To take O’Donnell, he might not be a servant to power or an admirer of any underlying goodness in a compromised party but just an affable, aw shucks, Democrats are the good guys, emotional infant.

    With my thesis here, I’m saying if you played prince and pauper with everyone, you wouldn’t see much change in how society worked and believed.
    If you redistributed wealth for real and somehow avoided the political trap of politbureau elites becoming the new aristos, you’d see the same passivity, the same lack of vital political act-on-what-you-believe behavior that O’Donnell exemplifies. As every post revolution society ultimately obtains.

    If that’s misanthropy, is the alternative to believe that if only the media would work up the population with nightly stories of how bad Obama is and how the GOP is the same and how if you’d all just go out, go out, go out right now and vote your conscience, ‘you people out there are real, we’re the illusion’, that they would? Network is a great movie because it got it right, not because it insights people to a different, more active outcome.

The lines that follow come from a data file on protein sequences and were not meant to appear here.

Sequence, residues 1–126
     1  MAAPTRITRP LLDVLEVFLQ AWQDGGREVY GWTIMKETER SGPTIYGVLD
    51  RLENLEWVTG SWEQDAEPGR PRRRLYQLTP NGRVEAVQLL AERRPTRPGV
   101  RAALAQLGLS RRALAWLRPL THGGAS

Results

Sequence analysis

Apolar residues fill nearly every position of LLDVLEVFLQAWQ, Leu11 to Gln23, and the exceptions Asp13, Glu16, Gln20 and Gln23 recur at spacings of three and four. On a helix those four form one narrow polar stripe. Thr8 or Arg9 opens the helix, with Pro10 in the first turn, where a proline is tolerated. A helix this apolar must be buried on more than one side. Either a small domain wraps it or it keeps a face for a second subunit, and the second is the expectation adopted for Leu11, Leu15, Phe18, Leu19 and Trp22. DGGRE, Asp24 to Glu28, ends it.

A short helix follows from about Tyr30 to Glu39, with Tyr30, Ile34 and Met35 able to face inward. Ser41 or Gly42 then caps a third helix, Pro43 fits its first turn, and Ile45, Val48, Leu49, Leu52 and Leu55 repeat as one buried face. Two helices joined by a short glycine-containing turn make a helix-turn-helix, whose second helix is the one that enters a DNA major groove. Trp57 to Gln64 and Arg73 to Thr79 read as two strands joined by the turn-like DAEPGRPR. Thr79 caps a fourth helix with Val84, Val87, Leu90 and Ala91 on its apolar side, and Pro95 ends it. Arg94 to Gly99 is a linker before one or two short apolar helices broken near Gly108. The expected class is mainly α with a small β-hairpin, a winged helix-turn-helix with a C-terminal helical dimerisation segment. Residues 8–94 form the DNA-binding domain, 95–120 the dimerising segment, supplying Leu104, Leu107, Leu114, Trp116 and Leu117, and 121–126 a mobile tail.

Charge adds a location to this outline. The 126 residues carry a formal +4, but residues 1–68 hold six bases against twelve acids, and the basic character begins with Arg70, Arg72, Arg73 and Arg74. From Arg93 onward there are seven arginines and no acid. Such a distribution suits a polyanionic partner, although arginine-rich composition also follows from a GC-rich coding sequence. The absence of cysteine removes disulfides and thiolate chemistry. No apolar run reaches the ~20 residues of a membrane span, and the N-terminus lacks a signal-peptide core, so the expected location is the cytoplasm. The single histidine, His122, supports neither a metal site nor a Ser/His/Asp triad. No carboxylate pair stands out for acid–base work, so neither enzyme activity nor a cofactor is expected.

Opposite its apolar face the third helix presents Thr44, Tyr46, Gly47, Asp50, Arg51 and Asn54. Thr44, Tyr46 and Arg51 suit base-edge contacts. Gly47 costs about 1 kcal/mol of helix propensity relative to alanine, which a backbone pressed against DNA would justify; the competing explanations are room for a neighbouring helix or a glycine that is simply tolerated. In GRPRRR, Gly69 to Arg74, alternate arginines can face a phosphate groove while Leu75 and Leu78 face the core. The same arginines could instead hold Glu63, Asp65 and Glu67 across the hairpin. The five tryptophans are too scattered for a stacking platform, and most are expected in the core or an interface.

The fact is that right now a 3rd party can not win. Those who will vote for one will do so to show that out there is a lot of support and free thinking that was unsuspected. And they might even delude themselves that it will build momentum for greater 3rd party gains over subsequent elections until it’s a meanigful force. This credits a huge number of people as seeing their meaningful place in history, over a significant number of years, and acting it out with conviction.
    You’ve got to be kidding me.
    The only reason to vote 3rd party, if you see it from my attitude, is that you feel like exercising your freedom to do so. But then that doesn’t feel as childishly predictable as going with the Disney corp and all its wonderful bigness. At this point, feeling that you must vote Dem against Repub is basically like being proud of buying apple instead of MS. But if you care that way, it feels good.